Watch any of Biden’s debates, it is clear he has some quirks. Since he was told for decades that he talks too much, he often stops mid-sentence when he sees his time is up. Some advisers say that when he is debating someone like Trump, if he’s trying to be polite, it can be perceived as weak — and is something to avoid.
Australia’s banking and insurance regulator has estimated the country should be spending about $3.5bn a year to limit damage from climate-related natural disasters, warning the cost of responding to them after the fact is likely to be 11 times greater.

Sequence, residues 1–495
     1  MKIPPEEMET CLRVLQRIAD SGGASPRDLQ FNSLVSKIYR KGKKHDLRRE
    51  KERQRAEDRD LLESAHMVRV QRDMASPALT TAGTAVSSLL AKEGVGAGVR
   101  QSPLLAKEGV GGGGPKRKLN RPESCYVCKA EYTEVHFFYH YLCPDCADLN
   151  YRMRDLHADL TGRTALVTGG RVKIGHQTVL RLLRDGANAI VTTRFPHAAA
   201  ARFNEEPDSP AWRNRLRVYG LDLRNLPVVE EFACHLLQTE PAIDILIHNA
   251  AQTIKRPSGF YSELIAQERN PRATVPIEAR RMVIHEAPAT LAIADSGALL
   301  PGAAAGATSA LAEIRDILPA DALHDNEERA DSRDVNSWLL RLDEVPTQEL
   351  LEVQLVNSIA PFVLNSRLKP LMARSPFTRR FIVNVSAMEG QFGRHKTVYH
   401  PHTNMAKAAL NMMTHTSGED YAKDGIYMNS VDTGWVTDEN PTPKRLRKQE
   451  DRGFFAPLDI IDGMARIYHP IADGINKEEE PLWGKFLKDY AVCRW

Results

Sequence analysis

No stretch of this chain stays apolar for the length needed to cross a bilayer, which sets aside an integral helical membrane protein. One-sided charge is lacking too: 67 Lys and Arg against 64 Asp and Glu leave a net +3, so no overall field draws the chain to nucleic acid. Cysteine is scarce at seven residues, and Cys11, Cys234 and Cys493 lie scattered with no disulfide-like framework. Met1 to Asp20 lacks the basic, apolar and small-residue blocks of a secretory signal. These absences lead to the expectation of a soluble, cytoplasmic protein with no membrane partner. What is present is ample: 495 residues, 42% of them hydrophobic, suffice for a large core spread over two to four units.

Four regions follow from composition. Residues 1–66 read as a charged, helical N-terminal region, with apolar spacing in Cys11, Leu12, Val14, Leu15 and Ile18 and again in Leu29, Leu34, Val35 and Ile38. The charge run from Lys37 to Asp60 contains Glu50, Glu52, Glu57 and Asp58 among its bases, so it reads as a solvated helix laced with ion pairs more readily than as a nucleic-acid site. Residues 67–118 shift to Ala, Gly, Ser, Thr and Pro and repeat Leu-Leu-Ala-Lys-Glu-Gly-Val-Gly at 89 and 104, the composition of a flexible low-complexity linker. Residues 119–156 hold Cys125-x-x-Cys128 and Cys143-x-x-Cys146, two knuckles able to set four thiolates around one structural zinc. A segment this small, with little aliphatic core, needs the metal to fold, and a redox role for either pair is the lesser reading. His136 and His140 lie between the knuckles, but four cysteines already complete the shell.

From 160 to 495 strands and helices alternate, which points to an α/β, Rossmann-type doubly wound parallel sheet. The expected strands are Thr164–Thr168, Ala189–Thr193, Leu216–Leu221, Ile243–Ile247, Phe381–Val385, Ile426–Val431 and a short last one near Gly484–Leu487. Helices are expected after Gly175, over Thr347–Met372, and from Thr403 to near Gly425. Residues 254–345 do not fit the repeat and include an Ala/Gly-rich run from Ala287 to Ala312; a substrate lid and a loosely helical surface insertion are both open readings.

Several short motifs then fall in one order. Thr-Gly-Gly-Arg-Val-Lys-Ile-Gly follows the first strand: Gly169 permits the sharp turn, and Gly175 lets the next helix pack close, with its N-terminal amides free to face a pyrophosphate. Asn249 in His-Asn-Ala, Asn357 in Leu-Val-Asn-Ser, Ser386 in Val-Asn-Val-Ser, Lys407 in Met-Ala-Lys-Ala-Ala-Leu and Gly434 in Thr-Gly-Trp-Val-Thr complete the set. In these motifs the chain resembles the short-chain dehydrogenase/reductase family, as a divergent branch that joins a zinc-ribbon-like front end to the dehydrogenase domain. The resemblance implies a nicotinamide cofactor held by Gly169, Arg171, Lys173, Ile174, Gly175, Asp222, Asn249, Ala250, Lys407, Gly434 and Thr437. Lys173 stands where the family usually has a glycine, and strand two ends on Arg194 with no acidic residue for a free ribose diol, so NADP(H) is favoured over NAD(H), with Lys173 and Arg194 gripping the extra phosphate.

In a speech on Wednesday, Geoff Summerhayes, an executive board member of the Australian Prudential Regulation Authority, said the cost of pre-emptive action to avoid the impact of disasters exacerbated by the climate crisis was far cheaper than dealing with the aftermath.
Addressing the issue of rising insurance premiums in northern Australia due to an increasing number of claims caused by storms and cyclones, Summerhayes said Apra was concerned general insurance could become unaffordable or unavailable in parts of the country.
He said it heightened the need to both cut greenhouse gas emissions and increase community resilience to extreme climate events, such